Neckbones’ Rum Diary: The J.M Incident

4 Nov

After boarding the ferry in Dominica, I downed an extra-strength Dramamine. The weather was clear, the waters calm, yet I didn’t want to risk a bout of seasickness before arriving at my destination: the J.M Rum distillery in Martinique.

Keeping my eyes straight ahead and sitting upright, I ignored the young man next to me and the others around me who were retching into plastic bags given out by the ferry’s crew as the boat was pummeled mercilessly in the channel between the two islands, also known, as I found out later as the “Blue Vomit.”

The ferry on the seemingly tranquil “blue vomit.”

With Martinique in sight, I was a bit groggy and wobbly, but my stomach remained intact and, once I exited the ferry onto the streets of Fort-de-France, Martinique’s capital city, a taxi whisked me to the northeast tip of the island to a place known as Macouba. I knew we were close and as the taxi descended down a steep incline, the red copper-tin roofs came into view and I could see the steam from the stills rising from the distillery through the dense greenery of palm fronds.

The distillery in Macouba

As we pulled in front of the old distillery, I smelled the alcohol-tinged cane juice as it was being “cooked” in the stills. Taking a healthy whiff, the vapors immediately restored my equilibrium, still somewhat shaky from the Blue Vomit nightmare.

Passing barrels of rum and ignoring a tour of the facilities, I headed straight to the tasting room/gift shop. A sample of J.M’s velvety white rum improved my situation even further but it wasn’t until I sipped the brand’s  VSOP “rhum vieux”  that I knew I had finally found what I was seeking. The taste was something so pure; so delicately smooth that the horrors of the Blue Vomit were worth the ordeal just to sip this amber nectar.

Stills and barrels of rum

My mission complete, I bought a bottle and returned to Fort-de-France where the next day I was to board a plane to San Juan and then another back to New York.

Keeping my precious cargo close by in my carry on bag, I was instructed by security at the Martinique airport to put the rum in a clear plastic bag. I did as told and was granted access to the plane.

Rushing through San Juan’s Luis Munoz Marin International Airport to make my connection to JFK, I waited on line at security. When it was my turn to pass through the gates, an overzealous customs officer, and most likely a rum aficionado, spied my bottle of J.M.

“You can’t take that on,” he said gruffly.

“But it’s in a clear plastic bag,” I pleaded.

“You could go back and check it in,” he offered, obviously knowing I had no time to do so. “or…I’ll have to take it from you.”

I stared at him. He stared at me and then held out his hand. I had no choice. He took the bottle, hiding a satisfied grin behind his bogus official demeanor.

The shock hit me as I settled into my seat. I was trembling. Once we were in the air and I knew my prized possession was gone, tears came to my eyes.

“Why are you so sad,” the abuela  who was sitting next to me and on her way to visit her daughter and grandchildren in the Bronx,  asked. “Have you left a loved one behind?”

I turned to her, dabbed at my eyes and nodded.

“I’m sorry,” she said. “Time will cure your sorrow. Watch the movie. It’s funny.”

I looked up at the small screen. It was something with Adam Sandler. I didn’t laugh.

Even the comedy of Adam Sandler could not penetrate my sorrow.

The wise abuela was right. Time did heal the deep wound of loss. When I first returned to New York, I frantically searched the many liquor stores looking for the J.M VSOP Rhum Vieux, but with no luck. I abandoned my search and resigned myself to settle for other “old” rums.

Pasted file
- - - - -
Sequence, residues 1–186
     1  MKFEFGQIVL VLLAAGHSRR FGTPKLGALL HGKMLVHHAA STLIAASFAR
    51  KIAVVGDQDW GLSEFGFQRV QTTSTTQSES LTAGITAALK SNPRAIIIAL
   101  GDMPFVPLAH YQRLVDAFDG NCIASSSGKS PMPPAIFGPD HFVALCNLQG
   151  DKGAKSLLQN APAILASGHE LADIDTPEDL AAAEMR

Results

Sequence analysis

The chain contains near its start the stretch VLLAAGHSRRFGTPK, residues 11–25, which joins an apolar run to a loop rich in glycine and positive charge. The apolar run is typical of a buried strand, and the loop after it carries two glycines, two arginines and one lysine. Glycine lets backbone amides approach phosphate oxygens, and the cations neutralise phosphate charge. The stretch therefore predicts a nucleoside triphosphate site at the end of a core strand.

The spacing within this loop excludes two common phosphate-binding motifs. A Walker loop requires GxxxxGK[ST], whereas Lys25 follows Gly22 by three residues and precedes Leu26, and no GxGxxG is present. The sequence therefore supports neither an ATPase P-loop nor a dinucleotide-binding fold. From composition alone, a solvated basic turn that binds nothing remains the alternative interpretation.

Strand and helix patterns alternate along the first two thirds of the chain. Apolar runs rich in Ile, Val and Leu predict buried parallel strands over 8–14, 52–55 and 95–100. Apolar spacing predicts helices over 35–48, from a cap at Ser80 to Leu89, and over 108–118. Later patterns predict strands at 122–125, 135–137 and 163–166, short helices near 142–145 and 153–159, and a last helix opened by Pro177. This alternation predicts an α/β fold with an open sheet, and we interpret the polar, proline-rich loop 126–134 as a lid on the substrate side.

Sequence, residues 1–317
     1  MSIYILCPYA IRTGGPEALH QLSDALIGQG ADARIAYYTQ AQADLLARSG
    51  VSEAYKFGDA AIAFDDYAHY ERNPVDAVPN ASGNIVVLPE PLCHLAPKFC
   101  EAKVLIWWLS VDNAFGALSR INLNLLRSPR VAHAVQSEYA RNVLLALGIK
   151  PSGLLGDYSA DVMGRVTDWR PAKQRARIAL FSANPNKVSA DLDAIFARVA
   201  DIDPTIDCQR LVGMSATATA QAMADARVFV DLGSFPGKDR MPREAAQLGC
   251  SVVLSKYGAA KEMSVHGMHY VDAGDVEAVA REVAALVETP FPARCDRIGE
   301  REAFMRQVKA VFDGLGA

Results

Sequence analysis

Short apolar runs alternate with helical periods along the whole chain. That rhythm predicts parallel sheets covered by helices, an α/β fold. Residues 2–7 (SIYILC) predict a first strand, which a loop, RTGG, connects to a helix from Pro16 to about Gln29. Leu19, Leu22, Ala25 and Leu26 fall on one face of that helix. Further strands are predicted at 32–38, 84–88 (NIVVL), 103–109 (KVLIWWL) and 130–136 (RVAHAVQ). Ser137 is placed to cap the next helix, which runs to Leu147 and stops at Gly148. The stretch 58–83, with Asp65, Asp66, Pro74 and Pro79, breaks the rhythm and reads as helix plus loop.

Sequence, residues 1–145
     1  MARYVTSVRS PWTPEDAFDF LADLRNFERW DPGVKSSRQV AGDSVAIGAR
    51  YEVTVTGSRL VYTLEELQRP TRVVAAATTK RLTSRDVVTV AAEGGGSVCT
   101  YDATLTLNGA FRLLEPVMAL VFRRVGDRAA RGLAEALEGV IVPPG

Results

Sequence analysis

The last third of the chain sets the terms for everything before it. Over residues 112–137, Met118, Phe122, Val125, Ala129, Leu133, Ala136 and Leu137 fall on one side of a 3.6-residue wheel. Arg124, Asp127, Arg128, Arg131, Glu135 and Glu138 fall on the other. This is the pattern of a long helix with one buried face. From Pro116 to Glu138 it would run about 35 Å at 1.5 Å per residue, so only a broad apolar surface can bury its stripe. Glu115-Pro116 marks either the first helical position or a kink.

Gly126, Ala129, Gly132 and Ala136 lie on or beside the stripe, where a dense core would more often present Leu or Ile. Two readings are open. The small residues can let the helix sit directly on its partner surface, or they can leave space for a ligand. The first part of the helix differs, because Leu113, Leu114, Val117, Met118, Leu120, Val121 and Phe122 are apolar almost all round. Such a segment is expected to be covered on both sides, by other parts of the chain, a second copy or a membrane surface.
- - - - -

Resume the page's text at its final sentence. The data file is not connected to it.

But then, one evening when dining at a cacophonous, yet delicious high end eatery downtown, my eyes were drawn to the offering of Rhum J.M VSOP on the restaurant’s cocktail menu. My heart pounded. I looked for my waiter and saw him at another table. I waved. I snapped my fingers. I rudely whistled. People were staring. I didn’t care.  I needed him now.

Seeing my frantic state, he rushed over. “I want that!” I pointed to the listing of the J.M VSOP on the menu.

I tried to control my excitement as I waited at my table. I tapped my foot. I chewed on my lower lip. I stroked my cell phone and then it arrived. The beautiful amber fluid, served with just a twist of lime. I sipped. It was exactly how I remembered it. “Where,” I asked my waiter, “can I buy this?”

Liquid gold

He said he would check with the beverage manager. He returned with the name of the liquor store on a business card. I knew the place. I checked my watch. It wouldn’t be open now. I would have to wait until the next day.

I slept little that night, got up early and headed to the store to wait until they opened. As soon as the gates were pulled and the doors unlocked, I rushed in and found the rum section. There it was. The price was astronomical, at least twice what I paid for in Martinique, but I didn’t care. I bought a bottle that came in decorative box.

The rum now sits in a glass cabinet. I have yet to open it. I tried one evening, but I couldn’t do it. If I opened it, I would begin to drink it and eventually, maybe in a month, maybe more, the bottle would be empty. The thought chilled me to the core.

I’ve come now to accept that I will never open it, yet I do not care. It is mine. I possess it. And no one can take it away again…

Mine. All mine.

One Response to “Neckbones’ Rum Diary: The J.M Incident”

Trackbacks/Pingbacks

  1. Ti’ Time | Fried Neck Bones...and some home fries - April 5, 2013

    […] here in the States are the rums from Martinique. And I wrote about some of those in my post Neckbones Rum Diary: The J.M Incident. If you can get your hands on white rum from Guadeloupe or Haiti, I’m sure they will more than […]

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